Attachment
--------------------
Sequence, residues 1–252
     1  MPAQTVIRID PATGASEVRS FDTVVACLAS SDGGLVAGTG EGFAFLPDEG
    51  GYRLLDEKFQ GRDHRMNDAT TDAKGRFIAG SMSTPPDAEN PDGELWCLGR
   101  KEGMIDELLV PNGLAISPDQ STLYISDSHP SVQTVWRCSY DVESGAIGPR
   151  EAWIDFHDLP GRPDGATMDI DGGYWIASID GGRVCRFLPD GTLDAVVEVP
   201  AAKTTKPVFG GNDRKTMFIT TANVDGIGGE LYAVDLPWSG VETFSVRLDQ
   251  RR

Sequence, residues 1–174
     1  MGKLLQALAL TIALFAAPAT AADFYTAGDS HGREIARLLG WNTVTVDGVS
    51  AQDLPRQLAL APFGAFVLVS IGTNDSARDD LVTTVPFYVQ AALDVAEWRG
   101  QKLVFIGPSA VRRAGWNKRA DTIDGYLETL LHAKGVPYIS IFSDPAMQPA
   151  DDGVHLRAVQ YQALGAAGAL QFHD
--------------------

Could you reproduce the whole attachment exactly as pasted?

Sequence, residues 1–252
     1  MPAQTVIRID PATGASEVRS FDTVVACLAS SDGGLVAGTG EGFAFLPDEG
    51  GYRLLDEKFQ GRDHRMNDAT TDAKGRFIAG SMSTPPDAEN PDGELWCLGR
   101  KEGMIDELLV PNGLAISPDQ STLYISDSHP SVQTVWRCSY DVESGAIGPR
   151  EAWIDFHDLP GRPDGATMDI DGGYWIASID GGRVCRFLPD GTLDAVVEVP
   201  AAKTTKPVFG GNDRKTMFIT TANVDGIGGE LYAVDLPWSG VETFSVRLDQ
   251  RR

Sequence, residues 1–174
     1  MGKLLQALAL TIALFAAPAT AADFYTAGDS HGREIARLLG WNTVTVDGVS
    51  AQDLPRQLAL APFGAFVLVS IGTNDSARDD LVTTVPFYVQ AALDVAEWRG
   101  QKLVFIGPSA VRRAGWNKRA DTIDGYLETL LHAKGVPYIS IFSDPAMQPA
   151  DDGVHLRAVQ YQALGAAGAL QFHD